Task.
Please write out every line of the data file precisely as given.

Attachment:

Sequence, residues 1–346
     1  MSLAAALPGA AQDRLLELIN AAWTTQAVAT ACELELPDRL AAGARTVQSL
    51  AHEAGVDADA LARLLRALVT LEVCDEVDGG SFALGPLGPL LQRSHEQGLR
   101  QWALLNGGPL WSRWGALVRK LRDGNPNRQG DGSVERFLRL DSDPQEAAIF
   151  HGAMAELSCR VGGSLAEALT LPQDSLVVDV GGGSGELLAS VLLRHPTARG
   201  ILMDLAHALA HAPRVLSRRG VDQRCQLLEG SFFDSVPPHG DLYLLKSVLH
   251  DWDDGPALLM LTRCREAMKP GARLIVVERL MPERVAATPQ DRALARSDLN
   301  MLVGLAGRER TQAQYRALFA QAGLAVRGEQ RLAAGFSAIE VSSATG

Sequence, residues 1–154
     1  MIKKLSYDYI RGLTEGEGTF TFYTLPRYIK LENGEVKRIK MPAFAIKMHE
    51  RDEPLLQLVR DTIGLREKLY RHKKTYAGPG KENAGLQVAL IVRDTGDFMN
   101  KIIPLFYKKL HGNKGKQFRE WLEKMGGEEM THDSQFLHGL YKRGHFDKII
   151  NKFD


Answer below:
Sequence, residues 1–346
     1  MSLAAALPGA AQDRLLELIN AAWTTQAVAT ACELELPDRL AAGARTVQSL
    51  AHEAGVDADA LARLLRALVT LEVCDEVDGG SFALGPLGPL LQRSHEQGLR
   101  QWALLNGGPL WSRWGALVRK LRDGNPNRQG DGSVERFLRL DSDPQEAAIF
   151  HGAMAELSCR VGGSLAEALT LPQDSLVVDV GGGSGELLAS VLLRHPTARG
   201  ILMDLAHALA HAPRVLSRRG VDQRCQLLEG SFFDSVPPHG DLYLLKSVLH
   251  DWDDGPALLM LTRCREAMKP GARLIVVERL MPERVAATPQ DRALARSDLN
   301  MLVGLAGRER TQAQYRALFA QAGLAVRGEQ RLAAGFSAIE VSSATG

Sequence, residues 1–154
     1  MIKKLSYDYI RGLTEGEGTF TFYTLPRYIK LENGEVKRIK MPAFAIKMHE
    51  RDEPLLQLVR DTIGLREKLY RHKKTYAGPG KENAGLQVAL IVRDTGDFMN
   101  KIIPLFYKKL HGNKGKQFRE WLEKMGGEEM THDSQFLHGL YKRGHFDKII
   151  NKFD